Wayne Hendrickson

Wayne A. Hendrickson (born April 25, 1941, New York City) is an American biophysicist and University professor at Columbia. Dr. Hendrickson is a University Professor at Columbia University in the Department of Biochemistry and Molecular Biophysics and Violin Family Professor of Physiology and Cellular Biophysics. He is also Chief Life Scientist in the Photon Sciences Directorate at Brookhaven National Laboratory and Scientific Director of the New York Structural Biology Center. Hendrickson has a B.A. from the University of Wisconsin at River Falls, a Ph.D. in biophysics at Johns Hopkins University with Warner Love, and postdoctoral research experience with Jerome Karle at the Naval Research Laboratory (NRL). He and his colleagues use biochemistry and x-ray crystallography to study molecular properties in atomic detail with current emphasis on membrane receptors and cellular signaling, on viral proteins and HIV infection, on molecular chaperones and protein folding, and on structural genomics of membrane proteins. Hendrickson's advances in diffraction methodology have contributed significantly to the emergence of structural biology as a major force in modern biology and molecular medicine.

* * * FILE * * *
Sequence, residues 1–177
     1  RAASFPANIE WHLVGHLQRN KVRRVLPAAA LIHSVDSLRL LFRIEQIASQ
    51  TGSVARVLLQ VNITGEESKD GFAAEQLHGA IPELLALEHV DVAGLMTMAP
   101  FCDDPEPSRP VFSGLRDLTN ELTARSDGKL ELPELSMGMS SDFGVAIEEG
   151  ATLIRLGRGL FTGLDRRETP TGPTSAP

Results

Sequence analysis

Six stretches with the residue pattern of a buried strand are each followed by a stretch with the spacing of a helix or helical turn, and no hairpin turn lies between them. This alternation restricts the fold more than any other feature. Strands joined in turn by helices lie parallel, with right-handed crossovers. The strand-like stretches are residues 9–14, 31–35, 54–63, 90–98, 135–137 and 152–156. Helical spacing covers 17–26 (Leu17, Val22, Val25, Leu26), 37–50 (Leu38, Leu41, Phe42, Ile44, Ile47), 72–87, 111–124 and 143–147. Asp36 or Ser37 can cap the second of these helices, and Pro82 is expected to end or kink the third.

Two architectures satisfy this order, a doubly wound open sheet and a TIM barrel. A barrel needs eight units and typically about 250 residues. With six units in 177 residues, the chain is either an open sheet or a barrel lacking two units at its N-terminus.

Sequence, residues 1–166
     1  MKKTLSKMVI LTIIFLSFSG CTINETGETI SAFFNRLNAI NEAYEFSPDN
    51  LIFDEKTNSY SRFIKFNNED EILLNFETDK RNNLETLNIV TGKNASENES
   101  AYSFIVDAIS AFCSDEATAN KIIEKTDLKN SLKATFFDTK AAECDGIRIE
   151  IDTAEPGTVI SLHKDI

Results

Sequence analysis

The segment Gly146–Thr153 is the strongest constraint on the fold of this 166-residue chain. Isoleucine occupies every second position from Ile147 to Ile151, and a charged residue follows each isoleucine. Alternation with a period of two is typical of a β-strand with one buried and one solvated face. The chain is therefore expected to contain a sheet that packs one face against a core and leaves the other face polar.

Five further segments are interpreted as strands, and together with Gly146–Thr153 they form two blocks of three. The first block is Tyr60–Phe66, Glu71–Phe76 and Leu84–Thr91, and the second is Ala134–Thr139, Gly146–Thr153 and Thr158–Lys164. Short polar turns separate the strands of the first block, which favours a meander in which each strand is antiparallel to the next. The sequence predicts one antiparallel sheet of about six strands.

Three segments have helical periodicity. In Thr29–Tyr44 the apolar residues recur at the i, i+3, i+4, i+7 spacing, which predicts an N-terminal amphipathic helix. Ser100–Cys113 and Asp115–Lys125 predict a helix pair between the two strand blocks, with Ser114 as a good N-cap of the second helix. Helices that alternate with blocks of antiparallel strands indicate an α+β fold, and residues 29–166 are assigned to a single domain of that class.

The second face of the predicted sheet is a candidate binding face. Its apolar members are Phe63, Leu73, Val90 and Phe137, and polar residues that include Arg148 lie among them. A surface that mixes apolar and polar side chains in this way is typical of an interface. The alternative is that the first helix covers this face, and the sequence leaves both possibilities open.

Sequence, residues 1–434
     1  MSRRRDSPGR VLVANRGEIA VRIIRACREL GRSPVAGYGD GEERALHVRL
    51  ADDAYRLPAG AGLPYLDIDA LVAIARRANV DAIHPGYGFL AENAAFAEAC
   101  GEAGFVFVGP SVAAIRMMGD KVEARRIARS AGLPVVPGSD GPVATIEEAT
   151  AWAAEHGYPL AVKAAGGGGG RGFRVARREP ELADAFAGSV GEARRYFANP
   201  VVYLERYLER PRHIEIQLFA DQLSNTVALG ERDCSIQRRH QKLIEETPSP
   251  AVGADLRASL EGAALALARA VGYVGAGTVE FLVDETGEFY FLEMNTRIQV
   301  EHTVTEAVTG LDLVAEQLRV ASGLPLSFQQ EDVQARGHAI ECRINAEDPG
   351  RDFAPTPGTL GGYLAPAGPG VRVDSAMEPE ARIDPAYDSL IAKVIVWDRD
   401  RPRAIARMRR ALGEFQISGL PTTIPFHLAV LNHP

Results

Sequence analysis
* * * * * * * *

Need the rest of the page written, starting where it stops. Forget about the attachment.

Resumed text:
Wayne A. Hendrickson
Born (1941-04-25) April 25, 1941
CitizenshipUnited States
Alma materUniversity of Wisconsin-River Falls
Johns Hopkins University
AwardsChristian B. Anfinsen Award (1997)
Alexander Hollaender Award in Biophysics (1998)
Gairdner Foundation International Award (2003)
Harvey Prize (2004)
Scientific career
FieldsBiochemistry, Molecular Biophysics
InstitutionsColumbia University

His honors include the Aminoff Prize of the Royal Swedish Academy of Sciences, the Gairdner International Award, and the Harvey Prize of the Technion – Israel Institute of Technology. He is a fellow of the American Academy of Arts and Sciences and a member of the National Academy of Sciences. On June 2, 1995 he received an honorary doctorate from the Faculty of Science and Technology at Uppsala University, Sweden [1]

He is best known for innovating the use of multi-wavelength anomalous dispersion as an analytical tool for protein crystallography.

Hendrickson obtained a B.A. in biology and physics from University of Wisconsin-River Falls and a Ph.D in biophysics from Johns Hopkins University. A member of the National Academy of Sciences, he was elected a Fellow of the American Academy of Arts and Sciences in 1992.[2] He won the Christian B. Anfinsen Award in 1997, Gairdner Foundation International Award in 2003 and Harvey Prize in 2004.


  1. http://www.uu.se/en/about-uu/traditions/prizes/honorary-doctorates/
  2. "Book of Members, 1780–2010: Chapter h" (PDF). American Academy of Arts and Sciences. Retrieved June 19, 2011.
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